Goalkeeper O’Donnell, also on debut, was commanding and communicated vocally with his defenders while also showing off his shot-stopping ability. Further up field, Matt Grimes and Matt Crooked work tirelessly in midfield to keep City in check and the two wide men tracked back to help their full-backs while always trying to get forward and support attacks. O’Toole continues to be effective in the number 10 role behind the hard-working Long who was again full of running and endeavour and scored the crucial second goal.

There have been a few too many bumps in the road for his liking but Jimmy Floyd Hasselbaink deserves great credit given what might have happened over these past couple of months. His first challenge, upon realising the extent of the limitations of the squad at his disposal, was to ensure they were in touch with teams above them heading into January. He managed that.

His second challenge was to bring in sufficient quality in the right areas to complement and improve the players he already had to work with. Going by the performances of four of the five that have so far come in, so far so good.

The next challenge, and without question the most important, is to keep the Cobblers up. Saturday’s win at Bradford and last weekend’s second-half against Southend United suggest a Hasselbaink team, once he has all the components in place, will be more than good enough to fend off the threat of relegation.

But it would be foolish to get too carried away given the pattern of this season. Trying to make sense of it is like trying to solve a riddle which is wrapped in a mystery inside an enigma. There have been high points – and this win at Valley Parade tops the lot – but there have also been so many low points and bad defeats, and yet here we are, with the Cobblers just one place and one point from safety.

The good news does not stop there, either. The fixture list offers further reason to be upbeat about Northampton’s prospects. They have now played three – Portsmouth, Wigan and Bradford – of the top six home and away with Blackburn Rovers soon to be added to that list. Once that game at Ewood Park is out of the way, their remaining fixtures are relatively kind and offer more than enough opportunities to get the wins and points they need to pull away.

One thing is for certain: if Town reproduce the quality and commitment levels produced at Valley Parade on Saturday for the rest of the season, relegation fears will soon be a thing of the past.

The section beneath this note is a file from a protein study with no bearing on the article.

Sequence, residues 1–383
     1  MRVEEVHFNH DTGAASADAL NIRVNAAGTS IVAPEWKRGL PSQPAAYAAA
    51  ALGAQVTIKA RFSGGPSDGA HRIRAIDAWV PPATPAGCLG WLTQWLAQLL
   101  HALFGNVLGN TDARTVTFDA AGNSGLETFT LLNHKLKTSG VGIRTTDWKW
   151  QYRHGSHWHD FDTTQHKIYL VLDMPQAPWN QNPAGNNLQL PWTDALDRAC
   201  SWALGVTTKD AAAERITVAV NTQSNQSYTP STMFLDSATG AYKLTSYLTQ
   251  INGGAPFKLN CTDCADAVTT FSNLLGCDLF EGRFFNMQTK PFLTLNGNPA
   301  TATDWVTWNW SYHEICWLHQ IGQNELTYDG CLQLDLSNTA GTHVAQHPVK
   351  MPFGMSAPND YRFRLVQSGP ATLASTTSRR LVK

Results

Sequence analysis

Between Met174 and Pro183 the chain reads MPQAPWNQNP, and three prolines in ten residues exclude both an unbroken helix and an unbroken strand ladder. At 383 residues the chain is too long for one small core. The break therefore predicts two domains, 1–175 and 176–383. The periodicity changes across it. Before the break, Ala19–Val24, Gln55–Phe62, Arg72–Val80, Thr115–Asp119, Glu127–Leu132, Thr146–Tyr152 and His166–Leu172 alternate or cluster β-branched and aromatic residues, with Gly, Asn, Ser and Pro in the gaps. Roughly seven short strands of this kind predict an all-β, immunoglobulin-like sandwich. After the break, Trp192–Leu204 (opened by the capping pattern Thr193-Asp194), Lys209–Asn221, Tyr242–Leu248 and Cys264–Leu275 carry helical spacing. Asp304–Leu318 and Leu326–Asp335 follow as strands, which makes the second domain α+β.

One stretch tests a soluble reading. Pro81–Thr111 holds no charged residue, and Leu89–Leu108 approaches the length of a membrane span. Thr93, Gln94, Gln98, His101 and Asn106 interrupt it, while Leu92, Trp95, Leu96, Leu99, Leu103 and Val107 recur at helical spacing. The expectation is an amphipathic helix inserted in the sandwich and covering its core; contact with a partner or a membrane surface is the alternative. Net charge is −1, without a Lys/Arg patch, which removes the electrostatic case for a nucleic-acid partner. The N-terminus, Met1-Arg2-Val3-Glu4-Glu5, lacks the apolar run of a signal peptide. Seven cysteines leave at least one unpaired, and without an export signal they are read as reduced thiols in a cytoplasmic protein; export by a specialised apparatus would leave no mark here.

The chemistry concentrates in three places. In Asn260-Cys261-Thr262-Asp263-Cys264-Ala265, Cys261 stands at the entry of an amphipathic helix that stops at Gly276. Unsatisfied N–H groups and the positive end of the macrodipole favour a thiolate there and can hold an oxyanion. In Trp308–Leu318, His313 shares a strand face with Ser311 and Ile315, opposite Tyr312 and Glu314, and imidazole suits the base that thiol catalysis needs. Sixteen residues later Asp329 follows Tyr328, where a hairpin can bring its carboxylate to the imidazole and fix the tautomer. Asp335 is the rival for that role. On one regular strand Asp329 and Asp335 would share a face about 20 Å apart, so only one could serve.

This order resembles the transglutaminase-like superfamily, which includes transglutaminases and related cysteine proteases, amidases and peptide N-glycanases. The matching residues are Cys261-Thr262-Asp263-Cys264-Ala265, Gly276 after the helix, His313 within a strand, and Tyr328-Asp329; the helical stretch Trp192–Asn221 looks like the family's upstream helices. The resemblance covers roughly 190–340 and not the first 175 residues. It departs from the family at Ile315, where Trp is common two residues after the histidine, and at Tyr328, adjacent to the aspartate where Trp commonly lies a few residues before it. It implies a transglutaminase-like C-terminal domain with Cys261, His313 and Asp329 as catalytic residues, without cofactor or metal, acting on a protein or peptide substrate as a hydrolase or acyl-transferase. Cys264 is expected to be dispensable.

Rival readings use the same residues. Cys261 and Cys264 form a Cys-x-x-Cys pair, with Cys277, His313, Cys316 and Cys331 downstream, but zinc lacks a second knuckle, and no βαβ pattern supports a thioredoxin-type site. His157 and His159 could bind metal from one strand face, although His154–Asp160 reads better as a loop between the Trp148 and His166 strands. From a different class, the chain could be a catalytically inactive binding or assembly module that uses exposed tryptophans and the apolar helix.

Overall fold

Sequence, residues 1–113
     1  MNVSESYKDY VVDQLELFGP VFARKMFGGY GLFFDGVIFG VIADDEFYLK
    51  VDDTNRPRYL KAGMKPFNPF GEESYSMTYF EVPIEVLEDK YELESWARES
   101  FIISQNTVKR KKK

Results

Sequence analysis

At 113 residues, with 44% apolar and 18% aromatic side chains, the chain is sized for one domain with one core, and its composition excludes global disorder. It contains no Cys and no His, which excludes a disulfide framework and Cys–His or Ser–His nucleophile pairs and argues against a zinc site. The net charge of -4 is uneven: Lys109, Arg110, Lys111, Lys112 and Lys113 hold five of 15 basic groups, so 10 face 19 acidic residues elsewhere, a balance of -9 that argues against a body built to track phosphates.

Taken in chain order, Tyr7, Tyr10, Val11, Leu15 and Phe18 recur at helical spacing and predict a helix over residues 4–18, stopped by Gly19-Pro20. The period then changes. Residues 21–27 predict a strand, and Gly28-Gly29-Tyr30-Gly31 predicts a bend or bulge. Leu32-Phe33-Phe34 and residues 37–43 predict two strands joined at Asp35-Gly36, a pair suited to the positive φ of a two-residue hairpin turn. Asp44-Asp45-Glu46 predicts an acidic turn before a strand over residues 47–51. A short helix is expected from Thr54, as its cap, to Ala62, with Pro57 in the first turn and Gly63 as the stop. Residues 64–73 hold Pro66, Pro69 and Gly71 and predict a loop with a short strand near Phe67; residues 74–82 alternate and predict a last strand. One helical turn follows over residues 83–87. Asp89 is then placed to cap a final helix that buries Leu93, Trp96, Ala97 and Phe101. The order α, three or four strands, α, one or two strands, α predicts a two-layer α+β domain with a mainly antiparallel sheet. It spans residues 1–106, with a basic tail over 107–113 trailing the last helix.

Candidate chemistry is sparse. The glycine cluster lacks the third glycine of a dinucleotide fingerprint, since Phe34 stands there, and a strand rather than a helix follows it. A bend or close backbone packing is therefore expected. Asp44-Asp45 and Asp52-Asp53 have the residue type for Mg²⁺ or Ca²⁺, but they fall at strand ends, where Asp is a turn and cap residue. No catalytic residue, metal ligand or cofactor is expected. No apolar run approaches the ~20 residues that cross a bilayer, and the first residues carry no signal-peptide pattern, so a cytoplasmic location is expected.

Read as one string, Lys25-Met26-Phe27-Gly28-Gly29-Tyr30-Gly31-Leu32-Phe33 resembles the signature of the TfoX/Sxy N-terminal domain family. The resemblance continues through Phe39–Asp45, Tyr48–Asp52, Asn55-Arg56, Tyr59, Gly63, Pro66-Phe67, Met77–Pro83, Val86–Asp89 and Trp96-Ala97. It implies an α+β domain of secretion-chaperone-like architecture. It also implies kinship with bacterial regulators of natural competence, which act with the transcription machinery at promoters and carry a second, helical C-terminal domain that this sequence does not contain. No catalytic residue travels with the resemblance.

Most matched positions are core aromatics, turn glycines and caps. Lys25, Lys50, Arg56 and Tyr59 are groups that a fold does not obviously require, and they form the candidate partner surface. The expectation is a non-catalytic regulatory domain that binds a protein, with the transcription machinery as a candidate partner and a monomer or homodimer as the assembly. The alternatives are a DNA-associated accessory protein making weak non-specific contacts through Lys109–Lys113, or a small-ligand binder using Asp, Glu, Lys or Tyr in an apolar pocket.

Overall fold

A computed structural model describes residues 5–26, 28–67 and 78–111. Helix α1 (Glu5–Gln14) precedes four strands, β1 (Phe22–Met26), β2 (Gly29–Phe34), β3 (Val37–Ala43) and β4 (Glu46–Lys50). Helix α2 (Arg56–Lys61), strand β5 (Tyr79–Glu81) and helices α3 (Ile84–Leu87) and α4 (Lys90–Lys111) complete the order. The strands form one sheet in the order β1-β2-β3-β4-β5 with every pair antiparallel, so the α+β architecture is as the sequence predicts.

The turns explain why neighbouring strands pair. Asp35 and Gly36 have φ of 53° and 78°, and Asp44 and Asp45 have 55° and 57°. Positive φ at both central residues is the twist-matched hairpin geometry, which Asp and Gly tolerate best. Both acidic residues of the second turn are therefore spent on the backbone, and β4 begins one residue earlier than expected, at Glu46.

How they rated...

Richard O’Donnell - Wasn’t without the odd blip on debut – Taylor’s free-kicks in particular caused him problems – but he was loud and commanding between the sticks and showcased a fine shot-stopping ability by making three fabulous saves in all, one of which came just prior to O’Toole’s opener... 8

Shay Facey - Continued his impressive start to life as a Cobbler with another assured 90 minutes, rarely allowing City play to their strength and get into crossing positions. Tidy on the ball... 8

Regan Poole - Confidence is growing by the week and this was another mature performance by the teenager who built on last week’s terrific outing against Southend by barely putting a foot wrong at Valley Parade. His highlight of the day was a fantastic goal-line clearance during City’s late burst... 8

Ash Taylor - Skipper for the day, he led by example and was an absolute colossus at the back, making at least three goal-saving interventions in the second-half. Sensational tackle deep in added time typified his and the team’s efforts and preserved all three points... 9 CHRON STAR MAN

Jordan Turnbull - Early signs are he is a reliable and solid defender. Debut for the club came at left-back, surprisingly so, but coped well in an unnatural position and provided some extra physicality. Distribution was also decent. Promising signs... 8

Matt Grimes - His set-pieces were about as deadly as they’ve been all season, partly due to Bradford’s non-existent marking at times, none more so than when O’Toole was left all alone to score. Worked his socks off in midfield to nullify the hosts and then get Town back on the front foot... 8

Matt Crooks - Loose in possession on the odd occasion when he was caught on the ball, and gave away some needless fouls, but could not question his attitude or desire here. Looked fit, hungry and up for the battle... 7

Sam Foley - Full of endeavour, energy and running on the left flank. It’s clearly not his best position but that doesn’t stop him getting stuck in. Got back to protect and support Turnbull while all the time trying to surge forward and provide an outlet in attack... 8

Sam Hoskins - Took one for the team when his rugby tackle prevented a counter-attack and that rather summed up his afternoon; hard-working and did his defensive duties but lacked a spark. Did test Raeder with a low effort... 7

John-Joe O’Toole - His return to the goals couldn’t have come at a better time for his team, now has two in two after Bradford took the novel approach of leaving him unmarked from a corner and he duly nodded in. Was influential in a more advanced role, effectively linking with Long and proving a nuisance for City’s back four throughout. The boos that greeted his withdrawal suggested he had done his job... 9

Chris Long - Played a difficult role brilliantly. A handful for City’s back four, always on the move and getting in-between defenders to find space. Took his goal well and could easily have one or two more. Now seven for this season and there’s more in him... 8


Daniel Powell - 6

Alex Revell - 6

Hildeberto Pereira - 6